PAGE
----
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Originally Posted by ExTank View Post
Global warming is just another tool of the socialist left, being used in their attempt to subvert standing institutions and force free people to submit to ever-increasing levels of government control, by people who think that the world as depicted in Orwell's 1984 would be a great place to live in, and that the Soviet Union was paradise on Earth.
It is clear you missed post#102, there are plenty of conservative reasons to avoid continuing to treat our atmosphere as a dump.
  #149  
Old 08-20-2018, 02:37 PM
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Originally Posted by Shodan View Post
If per capita matters, then splitting China up into three countries would address the problem of AGW, right? Except that it wouldn't.
*blinks*

Okay, do I need to explain what "per capita" means?

Quote:
Originally Posted by Shodan View Post
I think we should concentrate more on nuclear energy, and not on solar or wind, which will not be more than niche applications. "We" should be talking about that.
Awesome! You do realize that this is not the mainstream republican position, right? No, the mainstream republican position is embodied not by "Global warming exists, the solutions the democrats are floating aren't great and we should try something else", but rather by the post ExTank made. Complete ignorance of the facts, conspiracy theories declaring that a massive field of research over decades is nothing more than an attempt at a socialist new world order, and personalization to Al Gore (oh my god who the fuck cares about Al Gore in 2018). In the rare case that you can get a republican representative to even admit that human-caused global warming is a thing - most of them will not - almost none of them will propose anything resembling a solution. And the actual republican leadership on climate? James Inhofe, Scott Pruitt, Paul Broun. The most radical denialists of the bunch.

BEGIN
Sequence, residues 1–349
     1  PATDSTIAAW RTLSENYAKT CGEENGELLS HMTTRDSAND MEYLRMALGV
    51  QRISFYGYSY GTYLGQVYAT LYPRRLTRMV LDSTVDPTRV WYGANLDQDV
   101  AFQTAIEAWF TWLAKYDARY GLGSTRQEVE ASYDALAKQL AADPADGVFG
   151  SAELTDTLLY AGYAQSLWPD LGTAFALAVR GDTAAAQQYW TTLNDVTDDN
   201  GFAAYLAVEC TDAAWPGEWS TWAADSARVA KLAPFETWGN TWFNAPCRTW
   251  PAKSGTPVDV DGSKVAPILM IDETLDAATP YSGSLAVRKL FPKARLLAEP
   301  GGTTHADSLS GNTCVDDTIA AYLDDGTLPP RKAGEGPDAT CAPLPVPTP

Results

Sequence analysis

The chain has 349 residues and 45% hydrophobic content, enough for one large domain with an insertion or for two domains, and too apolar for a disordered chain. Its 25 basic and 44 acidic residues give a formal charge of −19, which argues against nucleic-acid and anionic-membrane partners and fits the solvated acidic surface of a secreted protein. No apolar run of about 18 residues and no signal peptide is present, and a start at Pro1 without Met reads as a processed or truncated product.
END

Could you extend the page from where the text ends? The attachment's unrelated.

I wonder - do you have any response to ExTank? I feel like your disagreement with him is likely considerably more significant than your disagreement with me or andros, and his claims are much more in need of correction than anything we're posting.

Last edited by Budget Player Cadet; 08-20-2018 at 02:41 PM.
  #150  
Old 08-20-2018, 02:43 PM
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Originally Posted by GIGObuster View Post
Actually, and it remains a straw man that bit about giving China a pass, I did look at the cite from Magiver that claimed that China was indeed making more coal energy plants.

But.

He did not notice that in the article that even in China they realize that the coal guys used loopholes, that are being removed, to build many of those energy plants; While China is starting to produce more of their energy with renewals. The article then reports that many of those coal plants are or will go idle or become failures due to overproduction. I think we have to blame that result on classic communist mismanagement.

But as I said, their selfishness is what I count more with, and preventing a coming refugee disaster or seeing people complain more about immediate contamination is more important to the powers over there, what I got from the article is that workers will also get coal plant construction jobs in the meantime, and that is also cynically important for them, specially more more local authorities. That the plants will not be as useful later is a feature, not a bug.
You say strawman, as you ironically give them a pass by not looking into the claims or who 'the coal guys' are who use those loopholes. Did it never occur to you that many are aligned with (or just plain in) the CCP? Also, claims that China will, this time, start to enforce their environmental regulations should be met with just a touch of skepticism...which is fully lacking in your post here. As is the claim that all or even some percentage of these new(ish) coal plants will just be idle. IF that is indeed the case, I agree, from our perspective that would be a feature, not a bug. However, the reality is that China consumes more coal than the rest of the world...combined. So, I'm a bit skeptical of the claim that those coal plants are now or will soon be idle.
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Last edited by XT; 08-20-2018 at 02:44 PM.